Judy Haiven is a member of Independent Jewish Voices- Canada. She teaches at Saint Mary's University in Halifax.


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Topics: Peace/War
546 words

Comments

another possibility

re "Maybe they are afraid of controversy.  Maybe they don’t bother to open our emails and press releases.  Maybe the reporters are simply too busy and too jaded to look at what hundreds of people in this city are doing for peace.  400 signed letters are a serious start."

...or maybe they're just continuing to fulfill their function as part of the western doctrinal system by systematically covering up or whitewashing Israel's crimes - as CBC has been doing for many years with the international crimes of the US, Canada and their allies - and ignoring grassroots activism and analysis that challenge the propaganda they are committed to disseminating.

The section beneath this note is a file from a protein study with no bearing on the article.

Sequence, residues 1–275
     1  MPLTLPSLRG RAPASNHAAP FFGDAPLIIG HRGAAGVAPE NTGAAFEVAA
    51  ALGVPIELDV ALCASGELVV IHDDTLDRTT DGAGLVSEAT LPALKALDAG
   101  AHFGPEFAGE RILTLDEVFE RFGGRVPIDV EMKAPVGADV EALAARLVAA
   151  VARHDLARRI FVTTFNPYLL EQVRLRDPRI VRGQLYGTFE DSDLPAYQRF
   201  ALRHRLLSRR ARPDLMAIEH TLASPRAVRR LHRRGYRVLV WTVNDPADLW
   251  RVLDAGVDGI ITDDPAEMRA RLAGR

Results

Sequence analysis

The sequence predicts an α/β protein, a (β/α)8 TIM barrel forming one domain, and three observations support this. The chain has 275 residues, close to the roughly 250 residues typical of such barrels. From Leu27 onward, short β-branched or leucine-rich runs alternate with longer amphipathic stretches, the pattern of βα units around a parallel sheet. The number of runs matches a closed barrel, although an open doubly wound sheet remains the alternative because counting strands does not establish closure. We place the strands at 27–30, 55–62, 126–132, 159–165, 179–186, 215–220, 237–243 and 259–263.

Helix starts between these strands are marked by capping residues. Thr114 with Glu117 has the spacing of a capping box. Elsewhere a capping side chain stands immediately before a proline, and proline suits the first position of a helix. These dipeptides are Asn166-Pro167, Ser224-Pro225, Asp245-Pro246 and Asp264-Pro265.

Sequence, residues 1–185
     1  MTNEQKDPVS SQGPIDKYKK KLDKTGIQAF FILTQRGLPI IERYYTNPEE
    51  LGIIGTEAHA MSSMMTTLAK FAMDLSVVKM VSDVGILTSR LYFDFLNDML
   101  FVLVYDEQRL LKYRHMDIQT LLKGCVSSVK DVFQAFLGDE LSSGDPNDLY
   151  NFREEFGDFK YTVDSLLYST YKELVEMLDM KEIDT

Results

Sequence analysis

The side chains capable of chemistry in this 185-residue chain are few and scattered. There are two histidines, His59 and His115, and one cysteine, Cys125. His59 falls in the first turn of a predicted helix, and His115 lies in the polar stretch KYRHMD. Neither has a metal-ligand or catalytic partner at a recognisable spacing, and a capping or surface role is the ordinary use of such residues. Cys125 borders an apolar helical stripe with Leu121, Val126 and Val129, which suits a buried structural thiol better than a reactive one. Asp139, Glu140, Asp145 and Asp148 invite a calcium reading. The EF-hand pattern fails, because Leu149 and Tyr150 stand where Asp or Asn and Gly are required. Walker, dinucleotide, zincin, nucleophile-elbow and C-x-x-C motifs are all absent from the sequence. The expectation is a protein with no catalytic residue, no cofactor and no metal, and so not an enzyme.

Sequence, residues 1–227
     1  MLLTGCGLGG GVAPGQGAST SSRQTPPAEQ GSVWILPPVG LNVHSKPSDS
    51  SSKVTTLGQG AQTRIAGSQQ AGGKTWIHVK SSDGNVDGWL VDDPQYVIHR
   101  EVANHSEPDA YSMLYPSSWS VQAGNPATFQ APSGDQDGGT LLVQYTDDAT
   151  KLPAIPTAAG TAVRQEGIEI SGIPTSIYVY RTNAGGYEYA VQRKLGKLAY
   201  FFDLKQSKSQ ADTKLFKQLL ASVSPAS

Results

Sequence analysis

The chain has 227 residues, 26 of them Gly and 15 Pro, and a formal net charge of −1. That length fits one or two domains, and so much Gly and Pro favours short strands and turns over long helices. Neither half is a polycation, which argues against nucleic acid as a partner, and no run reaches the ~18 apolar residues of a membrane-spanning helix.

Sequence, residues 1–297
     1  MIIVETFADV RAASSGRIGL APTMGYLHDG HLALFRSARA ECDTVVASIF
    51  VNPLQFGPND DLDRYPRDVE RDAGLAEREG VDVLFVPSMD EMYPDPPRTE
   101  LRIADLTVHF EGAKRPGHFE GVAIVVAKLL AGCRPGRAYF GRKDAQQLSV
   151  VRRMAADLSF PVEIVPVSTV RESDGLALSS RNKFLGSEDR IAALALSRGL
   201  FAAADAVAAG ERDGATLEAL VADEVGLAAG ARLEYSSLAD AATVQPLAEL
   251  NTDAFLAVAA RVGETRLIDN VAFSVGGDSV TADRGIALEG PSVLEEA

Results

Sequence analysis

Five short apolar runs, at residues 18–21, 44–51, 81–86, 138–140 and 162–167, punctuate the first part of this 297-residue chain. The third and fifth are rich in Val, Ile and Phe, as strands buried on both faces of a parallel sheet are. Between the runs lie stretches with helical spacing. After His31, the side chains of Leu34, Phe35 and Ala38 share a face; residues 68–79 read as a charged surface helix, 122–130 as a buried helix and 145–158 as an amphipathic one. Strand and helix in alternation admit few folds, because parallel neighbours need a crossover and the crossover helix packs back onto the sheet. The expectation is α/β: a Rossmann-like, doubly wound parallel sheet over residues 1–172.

hear hear

Well said, Brooks.

Analyzing CBC coverage

Thanks to Judy Haiven for raising the question of why local CBC reporters would ignore a timely protest.

Having worked for CBC for nearly 20 years and having spent another 15 in a university studying journalistic routines, I can suggest a few answers to Judy's legitimate questions. I can also suggest what activists need to do to effect change.

First, although individual CBC journalists have a certain amount of power in reporting stories, they do not control the "frame" that their organization uses as a guideline. It's important to consider that the organization, not the individual journalist, confers authority. The Globe and Mail, the CBC, the New York Times and so forth give their authority to what individual journalists report. As a result, journalists know instinctively that what they report must fit within the overall "frame" of their news organization. They also know that their editors will apply that frame to test whether a particular story fits the criteria for credibility and newsworthiness.